Doing Business in Bangladesh

Doing Business in Bangladesh

The owner of a clothing factory in Dhaka, Bangladesh, was at New York University last week to meet with clothing industry executives, labor activists and American and European government officials to talk about the Bangladeshi garment industry, the world’s second-biggest exporter of clothes after China.

The workplace disasters in this business have grabbed the world’s attention, and for the past year, Western retailers that outsource their clothing production to Bangladesh have tried to come up with reforms. But there are big obstacles to improving safety in an industry driven by low profits and constant upheaval.

I met with the businessman and another factory owner; both would speak only on the condition that they not be identified because they feared offending their customers. A central problem, the first owner told me, is the rapid turnaround big retailers like Walmart demand when they put in orders for tens of thousands of T-shirts or shorts. Since his factory isn’t able to make all the garments in time, he has to send some of the work to smaller producers. “I can’t do it officially,” he said, “but unofficially, I can.”

Unauthorized subcontracting to smaller, uninspected factories is not supposed to happen, but it remains an entrenched practice. It is a primary reason safety guidelines that apply to bigger contractors have not prevented the hundreds of worker deaths in fires and building collapses in facilities like Rana Plaza, which crumbled last April killing 1,129 people.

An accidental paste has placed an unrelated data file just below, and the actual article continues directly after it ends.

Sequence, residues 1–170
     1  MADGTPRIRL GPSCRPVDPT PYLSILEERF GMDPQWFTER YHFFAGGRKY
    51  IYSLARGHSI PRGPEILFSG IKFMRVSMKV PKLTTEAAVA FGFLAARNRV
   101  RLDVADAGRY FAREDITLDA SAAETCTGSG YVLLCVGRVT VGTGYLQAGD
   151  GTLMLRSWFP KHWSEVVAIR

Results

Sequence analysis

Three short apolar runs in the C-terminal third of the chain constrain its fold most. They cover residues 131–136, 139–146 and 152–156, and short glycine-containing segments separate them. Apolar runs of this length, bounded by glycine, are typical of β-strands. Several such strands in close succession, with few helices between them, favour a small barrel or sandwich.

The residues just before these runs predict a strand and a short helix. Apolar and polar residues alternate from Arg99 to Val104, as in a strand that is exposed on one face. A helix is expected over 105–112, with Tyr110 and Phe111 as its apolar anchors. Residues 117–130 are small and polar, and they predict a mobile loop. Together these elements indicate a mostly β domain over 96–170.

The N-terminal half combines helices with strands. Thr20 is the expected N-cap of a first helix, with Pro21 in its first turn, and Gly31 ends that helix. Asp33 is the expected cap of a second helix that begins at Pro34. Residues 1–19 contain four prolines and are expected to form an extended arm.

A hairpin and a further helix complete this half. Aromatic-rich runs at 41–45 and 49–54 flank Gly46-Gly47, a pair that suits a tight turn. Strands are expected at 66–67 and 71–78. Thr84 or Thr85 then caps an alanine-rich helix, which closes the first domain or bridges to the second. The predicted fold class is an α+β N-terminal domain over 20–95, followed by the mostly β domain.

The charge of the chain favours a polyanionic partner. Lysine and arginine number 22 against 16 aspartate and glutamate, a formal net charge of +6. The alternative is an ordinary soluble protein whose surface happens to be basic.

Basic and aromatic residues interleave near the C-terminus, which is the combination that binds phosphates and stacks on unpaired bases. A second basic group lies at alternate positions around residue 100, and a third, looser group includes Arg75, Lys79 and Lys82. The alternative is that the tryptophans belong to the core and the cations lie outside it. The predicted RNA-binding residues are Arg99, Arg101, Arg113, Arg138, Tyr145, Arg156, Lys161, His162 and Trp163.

The factory owners admitted that what they were doing was wrong. But they said Western clothing companies were also culpable because they often award contracts to manufacturers that they know do not have enough machines and employees to do the job.

Every player has motives to look the other way. The retailers ignore the subcontracting because they would rather manage fewer big contracts, and the per-piece price of garments falls with bigger orders. Suppliers don’t turn down giant orders because they fear they will be shut out of future jobs. “Any vendor in Bangladesh thinks thrice before saying no,” the second owner said to me. And the subcontractors, the lowest on the ladder, are desperate for orders, compete brutally and cannot afford to upgrade their workshops.

Still, the two owners said there are ways to improve the system. Western companies should not award contracts that are so big suppliers cannot realistically fill them without subcontracting. “There should be a switchboard and the red light should go on,” one said. Both pointed to H&M, the Swedish clothing retailer that buys more clothes from Bangladesh than any other Western company, as a model for other firms to follow. They said the company establishes multiyear relationships with factories and keeps track of every subcontractor, including small workshops that might screen-print T-shirts and embroider clothes.

“If customers like H&M didn’t push us,” the second owner said, “we wouldn’t do a lot of things.” Of course, the government needs to step up factory inspections, and Bangladeshi manufacturers should invest more of their profits into making their factories safer. But none of this will happen if clothing retailers in the United States and Europe do not demand it and help pay for it.


Sunday Review, The New York Times

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